"...the Imagination (or love, or sympathy, or any other sentiment) induces knowledge, and knowledge of an 'object' which is proper to it..."Henry Corbin (1903-1978) was a scholar, philosopher and theologian. He was a champion of the transformative power of the Imagination and of the transcendent reality of the individual in a world threatened by totalitarianisms of all kinds. One of the 20th century’s most prolific scholars of Islamic mysticism, Corbin was Professor of Islam & Islamic Philosophy at the Sorbonne in Paris and at the University of Teheran. He was a major figure at the Eranos Conferences in Switzerland. He introduced the concept of the mundus imaginalis into contemporary thought. His work has provided a foundation for archetypal psychology as developed by James Hillman and influenced countless poets and artists worldwide. But Corbin’s central project was to provide a framework for understanding the unity of the religions of the Book: Judaism, Christianity and Islam. His great work Alone with the Alone: Creative Imagination in the Sufism of Ibn ‘Arabi is a classic initiatory text of visionary spirituality that transcends the tragic divisions among the three great monotheisms. Corbin’s life was devoted to the struggle to free the religious imagination from fundamentalisms of every kind. His work marks a watershed in our understanding of the religions of the West and makes a profound contribution to the study of the place of the imagination in human life.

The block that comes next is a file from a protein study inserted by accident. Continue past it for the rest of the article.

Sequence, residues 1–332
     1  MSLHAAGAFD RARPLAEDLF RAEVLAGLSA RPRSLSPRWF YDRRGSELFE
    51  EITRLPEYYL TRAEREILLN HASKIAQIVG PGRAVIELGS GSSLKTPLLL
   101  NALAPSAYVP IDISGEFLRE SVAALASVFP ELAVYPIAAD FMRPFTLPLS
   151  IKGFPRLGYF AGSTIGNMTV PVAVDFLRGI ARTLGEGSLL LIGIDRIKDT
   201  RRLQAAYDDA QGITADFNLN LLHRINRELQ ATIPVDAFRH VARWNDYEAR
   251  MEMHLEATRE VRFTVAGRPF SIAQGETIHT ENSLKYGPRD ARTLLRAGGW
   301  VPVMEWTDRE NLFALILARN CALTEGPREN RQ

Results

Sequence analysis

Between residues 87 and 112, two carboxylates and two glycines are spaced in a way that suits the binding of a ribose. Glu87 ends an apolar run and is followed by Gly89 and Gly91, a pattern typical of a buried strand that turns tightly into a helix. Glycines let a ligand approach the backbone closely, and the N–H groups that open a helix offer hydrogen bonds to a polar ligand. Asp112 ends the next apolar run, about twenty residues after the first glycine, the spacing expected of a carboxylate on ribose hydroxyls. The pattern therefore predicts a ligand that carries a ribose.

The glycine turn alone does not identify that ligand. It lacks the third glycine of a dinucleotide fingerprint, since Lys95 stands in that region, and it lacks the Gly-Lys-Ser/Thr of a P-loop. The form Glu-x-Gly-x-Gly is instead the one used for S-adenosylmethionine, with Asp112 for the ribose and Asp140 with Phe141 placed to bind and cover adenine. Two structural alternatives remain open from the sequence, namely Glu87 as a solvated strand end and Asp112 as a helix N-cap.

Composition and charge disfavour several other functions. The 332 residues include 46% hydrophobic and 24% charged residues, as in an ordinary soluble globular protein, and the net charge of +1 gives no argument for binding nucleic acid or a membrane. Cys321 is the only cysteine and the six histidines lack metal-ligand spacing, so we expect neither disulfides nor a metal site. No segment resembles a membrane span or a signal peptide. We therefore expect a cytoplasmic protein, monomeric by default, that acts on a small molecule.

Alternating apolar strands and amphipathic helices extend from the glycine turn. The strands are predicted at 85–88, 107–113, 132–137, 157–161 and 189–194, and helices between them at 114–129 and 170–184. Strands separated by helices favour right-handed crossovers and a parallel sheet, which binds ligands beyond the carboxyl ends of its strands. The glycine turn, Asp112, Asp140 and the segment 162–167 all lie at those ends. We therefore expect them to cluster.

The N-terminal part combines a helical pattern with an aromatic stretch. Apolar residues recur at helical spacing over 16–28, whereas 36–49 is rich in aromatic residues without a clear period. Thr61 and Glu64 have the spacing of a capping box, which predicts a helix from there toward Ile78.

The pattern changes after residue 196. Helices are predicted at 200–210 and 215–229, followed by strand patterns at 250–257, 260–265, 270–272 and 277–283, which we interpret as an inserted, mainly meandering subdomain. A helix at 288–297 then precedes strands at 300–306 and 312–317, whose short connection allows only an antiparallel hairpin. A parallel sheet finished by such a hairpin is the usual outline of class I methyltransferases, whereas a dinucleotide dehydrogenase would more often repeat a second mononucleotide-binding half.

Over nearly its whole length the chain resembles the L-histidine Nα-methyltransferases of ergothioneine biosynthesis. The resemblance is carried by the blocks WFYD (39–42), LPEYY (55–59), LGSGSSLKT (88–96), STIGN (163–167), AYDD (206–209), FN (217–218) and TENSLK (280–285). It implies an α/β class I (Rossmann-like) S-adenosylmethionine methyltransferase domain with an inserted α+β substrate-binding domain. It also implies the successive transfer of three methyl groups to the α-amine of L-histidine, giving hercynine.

Friday, March 4, 2016
An Acoustic Museum of Byzantine Sound
by Allison Meier in Hyperallergic
The sonic intentions of architecture are often lost over the centuries. In 2014, a team of researchers investigated the acoustics of Byzantine churches in Thessaloniki, Greece, to retrieve some of that design through sound mapping.
On an episode released last month of the podcast Escape Velocity, created by the University of Southern California (USC) Viterbi School of Engineering, Sharon Gerstel, an art history professor at the University of California, Los Angeles (UCLA), explained why she became involved in this acoustic archaeology:
"For me as an art historian, I was interested in the perception of sound and how that perception was informed by the setting. When you walk into these buildings, they’re cooler than the outside temperature, they smell different on the inside because they’ve had incense in them burned for centuries, so there’s the palpable change in the atmosphere. They’re dark on the inside and you see the painted figures looming from all sides of the building, looking at you." go to the article with audio files linked.
Posted by Tom Cheetham at 10:29 AM